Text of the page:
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Weekend reading: recovering from regrets

What caught my eye this week.

A couple of weeks ago Nick Maggiulli of Dollars and Data fame conceded [1] that lately he’d been writing for the Google’s search algorithm, rather than about what really interested him.

And doing so was destroying Nick’s passion for blogging:

I can’t keep doing this and preserve my creative sanity.

One of the reasons I’ve been able to blog consistently for nearly seven years is because I’ve always chosen what I write about.

I’ve been able to follow my curiosity wherever it has led me. Unfortunately, this year I strayed a bit from that path.

And while I don’t consider it a major mistake, I’m glad I realized what was going on before it was too late.

Happily this change of direction has immediately paid off with one of the best posts he’s ever written (and that’s saying something…)

Exploring why you should never look too far down roads you didn’t take – in life or investing – Nick argues [2]:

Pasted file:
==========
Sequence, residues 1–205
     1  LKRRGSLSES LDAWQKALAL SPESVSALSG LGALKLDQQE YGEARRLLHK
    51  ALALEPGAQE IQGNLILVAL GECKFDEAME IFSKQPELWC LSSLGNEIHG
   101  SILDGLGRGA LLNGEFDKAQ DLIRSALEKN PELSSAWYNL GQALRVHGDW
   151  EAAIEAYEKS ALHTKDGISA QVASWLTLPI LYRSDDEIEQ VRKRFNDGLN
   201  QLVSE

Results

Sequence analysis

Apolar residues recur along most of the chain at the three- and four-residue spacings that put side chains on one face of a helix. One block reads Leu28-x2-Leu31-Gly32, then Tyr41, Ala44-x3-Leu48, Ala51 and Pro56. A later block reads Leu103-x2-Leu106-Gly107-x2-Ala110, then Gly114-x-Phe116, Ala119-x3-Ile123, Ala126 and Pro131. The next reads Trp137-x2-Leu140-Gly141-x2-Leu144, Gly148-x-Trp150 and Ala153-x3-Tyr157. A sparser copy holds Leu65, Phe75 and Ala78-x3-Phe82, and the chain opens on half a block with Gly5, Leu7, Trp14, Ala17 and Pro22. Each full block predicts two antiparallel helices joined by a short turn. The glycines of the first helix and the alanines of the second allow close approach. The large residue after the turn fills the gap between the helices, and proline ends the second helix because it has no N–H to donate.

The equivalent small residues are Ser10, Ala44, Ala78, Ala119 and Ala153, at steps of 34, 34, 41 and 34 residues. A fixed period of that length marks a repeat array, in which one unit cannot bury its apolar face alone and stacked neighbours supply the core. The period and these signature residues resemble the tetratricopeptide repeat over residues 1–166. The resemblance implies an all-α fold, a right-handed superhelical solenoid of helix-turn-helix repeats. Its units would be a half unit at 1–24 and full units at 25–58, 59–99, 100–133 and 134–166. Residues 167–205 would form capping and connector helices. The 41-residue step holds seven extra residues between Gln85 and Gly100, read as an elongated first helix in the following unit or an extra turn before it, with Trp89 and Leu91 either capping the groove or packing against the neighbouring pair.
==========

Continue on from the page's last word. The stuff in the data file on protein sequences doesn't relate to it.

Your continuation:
I’m here to tell you that this kind of thinking is a mirage. It’s pure fantasy. Because the way you think things would’ve turned out is not the way they actually would’ve turned out.

How you imagine an experience is a theoretical exercise. It’s a mental simulation of your past. But, how you live through that experience in real-time tends to produce very different results.

Nick illustrates his point with a graph that shows why basketball star Magic Johnson’s alternatively lived experience where he chose sponsorship by Nike over Converse – thus supposedly ending up $5bn richer – would have at least felt very different over a long reality, and may never have happened at all.

Anyone who invests actively knows about these lost fantasies all too well.

I wrote about it with respect to my hugely costly Tesla sale [3] a few years ago, for instance.

Others mourn the house they didn’t buy or the job they didn’t take – or outside of the financial realm, the person they didn’t marry or the musical instrument they gave up on despite some talent.

I wouldn’t say that thinking about these missed opportunities is entirely pointless, or even that they’re somehow not real decisions and outcomes.